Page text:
The Reuben Wells became the catalyst for another significant addition to the museum’s collection—Noble Biddinger’s large toy train collection. A local investment banker, Biddinger had been collecting trains for 20 years by the time former board president Jack Rauch Jr. suggested that the museum would be a great home for the collection if he ever decided to part with it. Biddinger agreed and the museum refurbished the garage behind the Rauh Library to house an 18-by-24-foot layout featuring eight operating trains. From the day it opened in June 1970 the new gallery was a hit. Four years later another collector named Robert Vickers donated his collection of toy trains, which totaled more than 1,000 locomotives, cars, and accessories.
First AAM Accreditation
In addition to expanding the collection, Compton also led the museum’s effort to be among the first in the country to be accredited under guidelines established by the American Association of Museums in 1970. The following year—the first in which the new accreditation program took effect—The Children’s Museum became the first in Indianapolis and one of the first two dozen museums in the United States to be accredited. While its new status didn’t change much from a visitor’s standpoint, it gave the museum a level of professional credibility and merit among its peers, as well as with foundations, government agencies, and other grant-making organizations.
A New, Dedicated Museum Building
The issue of grants and other monetary donations became significant in 1971 when the museum’s trustees agreed to an ambitious plan to raise $7 million to construct an entirely new facility. With the help of national fundraising firm Ketchum, Inc. and support from such generous donors as Lilly Endowment Inc. (which gave $3.5 million, the largest single grant it had ever made at that point), Eli and Ruth Lilly (who gave $1 million each), and the Krannert Charitable Trust ($1 million), the museum actually raised $8.8 million, including many small donations from children, families, and teachers.
That generosity allowed the museum to build a new facility from the ground up, a process that included tearing down the Parry house and all of the additions that the museum had made to it over the years, and the Rauh Memorial Library. But when the 1976 museum building—a modern structure designed by the Indianapolis architectural firm Wright, Porteous, & Lowe—opened on Oct. 2, it marked a turning point for the museum. No longer was it housed in a cobbled-together cluster of structures, but in a modern, well-designed, five-story museum-quality building centered around a wide spiraling ramp that allowed for an easy flow of visitors from the Lower Level to Level 4.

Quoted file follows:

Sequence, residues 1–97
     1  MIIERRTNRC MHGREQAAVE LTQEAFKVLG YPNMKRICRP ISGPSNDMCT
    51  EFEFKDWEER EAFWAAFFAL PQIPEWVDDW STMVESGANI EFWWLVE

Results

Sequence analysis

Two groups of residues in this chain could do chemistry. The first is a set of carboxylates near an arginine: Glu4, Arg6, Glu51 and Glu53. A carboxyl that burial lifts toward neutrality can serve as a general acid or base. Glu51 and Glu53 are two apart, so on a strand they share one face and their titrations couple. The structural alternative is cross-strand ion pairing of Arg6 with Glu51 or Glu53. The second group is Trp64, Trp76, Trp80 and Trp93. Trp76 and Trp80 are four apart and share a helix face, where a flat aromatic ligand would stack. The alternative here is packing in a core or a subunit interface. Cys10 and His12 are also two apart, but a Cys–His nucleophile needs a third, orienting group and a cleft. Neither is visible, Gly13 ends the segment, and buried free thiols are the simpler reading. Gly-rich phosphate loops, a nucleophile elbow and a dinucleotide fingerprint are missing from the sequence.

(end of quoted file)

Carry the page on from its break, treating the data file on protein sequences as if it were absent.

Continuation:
Enticing people to Level 4 was a Dentzel Carousel from 1917. Once a fixture in Broad Ripple Park on the city’s north side, the Carousel was owned by the Indianapolis Parks Department, which had pieces of it stored in various places. Curious about what had happened to it, Compton managed to track down the scattered pieces, have the Carousel restored to working condition, and convince the architects to make room for it in the new building. It was installed on Level 4 where a girder could be removed to make room as there were no upper floors to support.
One of the museum’s star attractions came along in 1976 when workers digging a pond on a farm near Greenfield, Indiana, uncovered some large bones. They were part of the remains of a 10,000- to 12,000-year-old mastodon! Over the next three years more than 100 museum volunteers helped excavate the bones of two mastodons from the farm. One was more than 70 percent intact, which allowed archaeologists to cast the remainder of the bones in polyester resin and reassemble the skeleton. Going on display at the museum in 1980, the mastodon continues to be popular with visitors. It is currently on Level 4.
When she retired in 1982, Compton left a legacy of intelligent management, skillful expansion of the museum’s collection, and unrivaled dedication to providing visitors with memorable experiences. On her watch The Children’s Museum of Indianapolis continued to gain ground on its march into the top tier of American museums while maintaining its identity as one of the city’s most popular cultural attractions.